What is a worldview?
The Oxford dictionary defines a worldview as a particular philosophy of life or conception of the world.
Today, I know that my worldview affects everything in my life. What I believe to be true and false, right and wrong. I use it to interpret all that exists in and around me. What is possible, what is probable, and what is objectively true.
I was born in the south in a relatively small town. My mother and father took me to church from a small boy. While my mother believed in God and Jesus she never read the Bible at home and never discussed the origin of the universe. My parents believed in evolution. My teachers believed in evolution. My friends believed in evolution. I believed in evolution.
When I was around 9 or 10, I heard a sermon about hell and how Jesus was the only way to heaven. That evening, I asked my dad and mom if I could walk the aisle and get baptized. I raised my hand the next weekend and was baptized shortly thereafter.
Not long after that my father stopped going to church, and did not darken a Baptist church again for many years. I did not read the Bible much through my teenager years though I often thought about God. Even though I did not use the word secular, it best describes how I lived day to day. I believed what I was told through television, whatever was popular, and what I was taught at school.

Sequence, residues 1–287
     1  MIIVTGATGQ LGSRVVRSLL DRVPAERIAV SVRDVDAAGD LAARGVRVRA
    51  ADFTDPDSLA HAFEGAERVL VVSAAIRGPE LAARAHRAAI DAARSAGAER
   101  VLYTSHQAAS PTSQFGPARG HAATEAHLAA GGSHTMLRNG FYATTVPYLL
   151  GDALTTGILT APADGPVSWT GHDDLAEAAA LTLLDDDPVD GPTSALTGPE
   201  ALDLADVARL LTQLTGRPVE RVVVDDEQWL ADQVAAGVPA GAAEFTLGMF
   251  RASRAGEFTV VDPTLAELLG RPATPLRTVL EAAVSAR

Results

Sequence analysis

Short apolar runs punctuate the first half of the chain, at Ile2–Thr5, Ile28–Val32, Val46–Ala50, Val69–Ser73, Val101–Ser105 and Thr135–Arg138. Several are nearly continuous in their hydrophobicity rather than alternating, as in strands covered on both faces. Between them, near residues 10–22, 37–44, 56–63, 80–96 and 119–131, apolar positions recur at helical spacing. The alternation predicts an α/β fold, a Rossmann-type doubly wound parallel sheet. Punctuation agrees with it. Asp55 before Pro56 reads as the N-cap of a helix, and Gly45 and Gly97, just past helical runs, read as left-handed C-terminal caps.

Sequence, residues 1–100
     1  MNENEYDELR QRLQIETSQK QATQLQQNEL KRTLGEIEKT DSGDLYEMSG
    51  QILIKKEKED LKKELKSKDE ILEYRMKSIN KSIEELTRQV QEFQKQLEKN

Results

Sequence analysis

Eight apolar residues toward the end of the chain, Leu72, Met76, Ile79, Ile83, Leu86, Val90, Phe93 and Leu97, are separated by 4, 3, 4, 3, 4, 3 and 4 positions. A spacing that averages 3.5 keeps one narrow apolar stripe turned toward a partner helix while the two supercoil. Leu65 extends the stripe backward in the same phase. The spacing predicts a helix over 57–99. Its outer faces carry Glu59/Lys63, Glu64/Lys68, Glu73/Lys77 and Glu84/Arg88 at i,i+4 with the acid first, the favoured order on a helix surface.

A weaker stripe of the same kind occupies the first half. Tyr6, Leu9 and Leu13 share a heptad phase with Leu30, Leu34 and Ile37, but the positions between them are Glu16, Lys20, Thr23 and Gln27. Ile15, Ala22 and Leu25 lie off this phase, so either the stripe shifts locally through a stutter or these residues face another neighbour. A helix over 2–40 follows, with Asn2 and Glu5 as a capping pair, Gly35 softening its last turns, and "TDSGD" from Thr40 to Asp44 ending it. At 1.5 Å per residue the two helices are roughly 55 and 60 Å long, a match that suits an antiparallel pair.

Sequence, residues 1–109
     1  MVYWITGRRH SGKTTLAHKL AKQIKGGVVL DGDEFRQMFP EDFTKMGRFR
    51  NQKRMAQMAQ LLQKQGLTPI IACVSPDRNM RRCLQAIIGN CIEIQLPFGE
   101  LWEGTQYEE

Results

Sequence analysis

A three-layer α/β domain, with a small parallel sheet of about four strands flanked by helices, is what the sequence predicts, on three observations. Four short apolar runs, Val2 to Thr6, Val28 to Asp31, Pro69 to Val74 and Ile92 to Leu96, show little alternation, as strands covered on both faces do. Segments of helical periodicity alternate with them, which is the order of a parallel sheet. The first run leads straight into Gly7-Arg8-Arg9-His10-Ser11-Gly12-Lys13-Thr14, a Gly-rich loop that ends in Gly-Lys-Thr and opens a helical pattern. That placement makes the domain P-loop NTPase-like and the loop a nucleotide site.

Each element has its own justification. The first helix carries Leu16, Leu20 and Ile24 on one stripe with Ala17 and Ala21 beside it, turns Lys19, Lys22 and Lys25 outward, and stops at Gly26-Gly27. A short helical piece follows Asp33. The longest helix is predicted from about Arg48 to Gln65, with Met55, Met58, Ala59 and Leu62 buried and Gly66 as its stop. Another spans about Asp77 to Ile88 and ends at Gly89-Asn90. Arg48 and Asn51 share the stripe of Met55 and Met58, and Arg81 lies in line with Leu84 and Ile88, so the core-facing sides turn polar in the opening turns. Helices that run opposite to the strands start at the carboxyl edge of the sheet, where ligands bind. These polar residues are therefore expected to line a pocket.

In college, as I mentioned in my previous article in this series, I majored in geology. I was drawn to it because of complex processes involved in the earth and universe.
Did this affect my believe in God?
No. I just compartmentalized science and religion into separate boxes. It seemed obvious at the time that God has simply used evolution. Also, looking back I can see that I rarely read anything other than my textbook and no longer read scripture.
I was married throughout college but ended up divorcing my first wife right before graduation. I felt like this was the best thing to do, but became terribly depressed for some reason. I searched for meaning in my life through friends and other outlets. Remarrying two years later, I became a step-parent/parent of three children. After a brief stable period, a continuous barrage of problems began to consume my life.
Eventually, I began to call out to God for help and started getting support. The more I sought God, the more I began to have hope that things might get better someday.
It would be several more years before a different kind of crisis would shake my trust in evolution. A man named Ian Juby would enter my life, and God would begin to shake my mixed worldview.
Before that could happen though, my beliefs in and about God had to have a foundation to build on.